The Jaguar X-Type is elegant, comfortable, and fun to drive. It represents a low cost of entry for a Jaguar and a strong value in this highly competitive class. It also gives its owner the distinction of driving a Jag. Yet this entry-level Jag offers something no other Jaguar has: the benefits of full-time all-wheel drive. That makes the X-Type a good choice for rain, snow and ice, and indeed it feels very secure in those conditions.
A new Jaguar Sportwagon has joined the X-Type line for 2005. Already popular in Europe this estate car, as it's called there, offers great cargo carrying capacity while maintaining Jaguar's unique style. It includes a tailgate with independently opening rear window, luggage tie-downs, removable luggage cover and cargo net. It also includes a neat hidden cargo compartment under the rear floor with a 12-volt power outlet.
The X-Type competes with the BMW 3 Series, Mercedes-Benz C-Class, Audi A4 and other near-luxury cars. The performance of the Jaguar compares favorably to these cars, while offering a distinct difference in feel and temperament. The Jaguar X-Type is a good alternative to these superb luxury sedans and its quality has improved considerably since it was first introduced, thanks to continuous improvements made by Ford at the factory in the U.K. As with the other cars in its class, the X-Type is smaller in size, making it easier to park and maneuver.
The X-Type looks unmistakably like a Jaguar, and that's no small design feat given its relatively compact dimensions. Better still, the X-Type smells and feels like a Jaguar, with all the traditional British ingredients that have defined the brand for seven decades.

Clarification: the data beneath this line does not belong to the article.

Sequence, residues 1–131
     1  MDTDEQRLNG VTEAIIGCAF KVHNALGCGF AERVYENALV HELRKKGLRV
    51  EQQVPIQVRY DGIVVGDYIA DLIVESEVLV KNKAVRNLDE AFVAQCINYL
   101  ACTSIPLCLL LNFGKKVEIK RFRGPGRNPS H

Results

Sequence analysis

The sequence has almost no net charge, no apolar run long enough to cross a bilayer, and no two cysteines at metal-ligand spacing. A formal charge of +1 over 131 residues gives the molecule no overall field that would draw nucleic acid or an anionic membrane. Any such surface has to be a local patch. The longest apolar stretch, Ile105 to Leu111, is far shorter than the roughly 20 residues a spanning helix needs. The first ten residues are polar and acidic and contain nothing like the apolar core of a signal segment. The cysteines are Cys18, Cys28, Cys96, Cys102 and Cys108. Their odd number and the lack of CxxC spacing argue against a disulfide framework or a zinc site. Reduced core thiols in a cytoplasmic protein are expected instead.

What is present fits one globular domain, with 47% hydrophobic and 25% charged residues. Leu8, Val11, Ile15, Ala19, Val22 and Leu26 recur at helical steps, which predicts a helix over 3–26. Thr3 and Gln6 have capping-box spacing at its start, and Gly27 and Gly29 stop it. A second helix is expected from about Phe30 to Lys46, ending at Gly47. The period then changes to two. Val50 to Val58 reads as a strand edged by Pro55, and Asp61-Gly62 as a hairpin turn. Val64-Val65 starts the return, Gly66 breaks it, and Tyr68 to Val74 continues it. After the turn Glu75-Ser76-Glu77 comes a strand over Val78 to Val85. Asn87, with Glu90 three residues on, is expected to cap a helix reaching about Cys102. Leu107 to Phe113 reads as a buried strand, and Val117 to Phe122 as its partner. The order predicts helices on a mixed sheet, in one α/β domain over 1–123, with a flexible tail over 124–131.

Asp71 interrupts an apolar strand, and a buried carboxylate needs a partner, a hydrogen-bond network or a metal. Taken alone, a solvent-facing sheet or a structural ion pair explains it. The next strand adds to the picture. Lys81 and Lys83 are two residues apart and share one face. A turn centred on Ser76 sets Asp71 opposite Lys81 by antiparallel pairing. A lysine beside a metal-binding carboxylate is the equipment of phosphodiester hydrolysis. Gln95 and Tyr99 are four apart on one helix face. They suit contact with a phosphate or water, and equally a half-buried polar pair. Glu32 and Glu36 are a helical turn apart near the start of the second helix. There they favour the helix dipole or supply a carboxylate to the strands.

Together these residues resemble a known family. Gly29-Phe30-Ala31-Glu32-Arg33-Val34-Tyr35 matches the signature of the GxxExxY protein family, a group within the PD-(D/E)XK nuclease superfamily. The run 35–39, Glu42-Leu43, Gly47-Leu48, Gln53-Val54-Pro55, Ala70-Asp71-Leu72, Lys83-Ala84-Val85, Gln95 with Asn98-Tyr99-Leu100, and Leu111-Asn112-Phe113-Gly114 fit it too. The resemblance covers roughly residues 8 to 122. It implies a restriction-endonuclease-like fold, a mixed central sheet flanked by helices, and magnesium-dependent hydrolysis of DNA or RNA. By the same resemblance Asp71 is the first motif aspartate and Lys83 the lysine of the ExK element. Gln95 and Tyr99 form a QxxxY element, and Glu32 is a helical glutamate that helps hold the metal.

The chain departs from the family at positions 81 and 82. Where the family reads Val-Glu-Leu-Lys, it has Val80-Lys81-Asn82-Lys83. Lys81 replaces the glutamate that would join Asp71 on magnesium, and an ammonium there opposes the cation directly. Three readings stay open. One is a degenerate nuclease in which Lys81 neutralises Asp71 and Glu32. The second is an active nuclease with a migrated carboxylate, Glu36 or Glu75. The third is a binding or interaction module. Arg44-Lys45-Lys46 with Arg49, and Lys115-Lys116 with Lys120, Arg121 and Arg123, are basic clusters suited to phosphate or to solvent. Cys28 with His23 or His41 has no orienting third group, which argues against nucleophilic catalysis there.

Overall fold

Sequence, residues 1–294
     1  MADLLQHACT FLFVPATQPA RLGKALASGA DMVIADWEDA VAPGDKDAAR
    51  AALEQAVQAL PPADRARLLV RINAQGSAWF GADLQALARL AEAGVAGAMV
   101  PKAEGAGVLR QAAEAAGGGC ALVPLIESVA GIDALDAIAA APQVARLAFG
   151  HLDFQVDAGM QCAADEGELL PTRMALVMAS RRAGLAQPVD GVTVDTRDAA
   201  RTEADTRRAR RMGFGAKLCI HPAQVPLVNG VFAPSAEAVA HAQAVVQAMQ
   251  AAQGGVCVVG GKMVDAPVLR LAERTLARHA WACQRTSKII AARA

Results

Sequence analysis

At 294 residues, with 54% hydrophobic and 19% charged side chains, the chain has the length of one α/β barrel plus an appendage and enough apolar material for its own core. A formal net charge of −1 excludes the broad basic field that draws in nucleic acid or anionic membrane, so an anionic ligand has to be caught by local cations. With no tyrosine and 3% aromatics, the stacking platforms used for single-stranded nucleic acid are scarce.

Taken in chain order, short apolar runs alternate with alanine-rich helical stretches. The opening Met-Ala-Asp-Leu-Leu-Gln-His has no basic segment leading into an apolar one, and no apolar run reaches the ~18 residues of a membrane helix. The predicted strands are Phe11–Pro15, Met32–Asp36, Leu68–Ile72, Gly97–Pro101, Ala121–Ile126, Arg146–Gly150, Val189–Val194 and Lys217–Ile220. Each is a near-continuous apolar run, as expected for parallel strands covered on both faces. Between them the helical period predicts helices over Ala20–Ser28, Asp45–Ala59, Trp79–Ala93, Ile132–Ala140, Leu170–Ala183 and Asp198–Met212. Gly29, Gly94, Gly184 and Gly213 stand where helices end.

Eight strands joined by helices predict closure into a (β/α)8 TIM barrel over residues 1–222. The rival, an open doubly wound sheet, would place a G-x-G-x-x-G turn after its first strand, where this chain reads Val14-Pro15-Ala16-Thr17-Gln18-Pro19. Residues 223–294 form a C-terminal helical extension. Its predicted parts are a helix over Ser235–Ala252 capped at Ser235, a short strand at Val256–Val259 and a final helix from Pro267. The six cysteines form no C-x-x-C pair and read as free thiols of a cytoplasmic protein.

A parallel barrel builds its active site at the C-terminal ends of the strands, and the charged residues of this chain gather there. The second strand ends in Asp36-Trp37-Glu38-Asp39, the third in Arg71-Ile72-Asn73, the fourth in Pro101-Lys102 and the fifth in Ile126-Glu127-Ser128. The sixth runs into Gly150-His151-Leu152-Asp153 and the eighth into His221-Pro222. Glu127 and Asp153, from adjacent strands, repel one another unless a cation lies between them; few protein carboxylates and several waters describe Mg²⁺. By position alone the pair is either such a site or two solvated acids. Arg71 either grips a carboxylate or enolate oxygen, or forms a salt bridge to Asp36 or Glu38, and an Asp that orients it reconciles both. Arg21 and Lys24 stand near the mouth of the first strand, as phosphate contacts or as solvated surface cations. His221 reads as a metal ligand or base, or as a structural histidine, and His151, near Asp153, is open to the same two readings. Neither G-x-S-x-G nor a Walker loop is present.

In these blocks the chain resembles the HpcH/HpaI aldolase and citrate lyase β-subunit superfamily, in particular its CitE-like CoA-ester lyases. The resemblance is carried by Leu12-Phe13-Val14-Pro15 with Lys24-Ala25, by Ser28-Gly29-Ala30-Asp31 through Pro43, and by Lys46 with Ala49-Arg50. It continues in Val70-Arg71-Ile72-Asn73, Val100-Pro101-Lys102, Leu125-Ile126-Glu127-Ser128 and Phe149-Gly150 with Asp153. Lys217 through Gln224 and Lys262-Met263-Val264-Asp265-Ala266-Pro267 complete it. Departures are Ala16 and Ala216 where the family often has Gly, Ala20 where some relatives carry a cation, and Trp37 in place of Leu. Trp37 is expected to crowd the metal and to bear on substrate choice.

When it was introduced, the Jaguar X-Type set new standards for rigidity of structure. A rigid structure translates into a car that can be tuned to ride smoothly and quietly while cornering like a cat. Our first experience with the X-Type bore this out and was confirmed in the 2005 X-Type Sportwagon.
We've driven the X-Type down winding rural roads near Dijon, France, over mountain roads in north Georgia, and around the high-speed banked oval of Atlanta Motor Speedway. The X-Type was the epitome of stability and confidence in the high-speed sections. Yet it rode smoothly on the streets of Atlanta.
The narrow, high-crowned pavement in France follows the wandering ways of long-ago farm animals over varied terrain. When polished by rain, it becomes a driver's challenge. The dampness was simply erased by the all-wheel-drive system, which offered comforting security. On the French roads, the X-Type seemed to rise to every challenge. Whether on a major highway or winding back road, it always felt smooth and stable. The steering was sharp and precise, and the car feels nimble in corners yet secure at speed.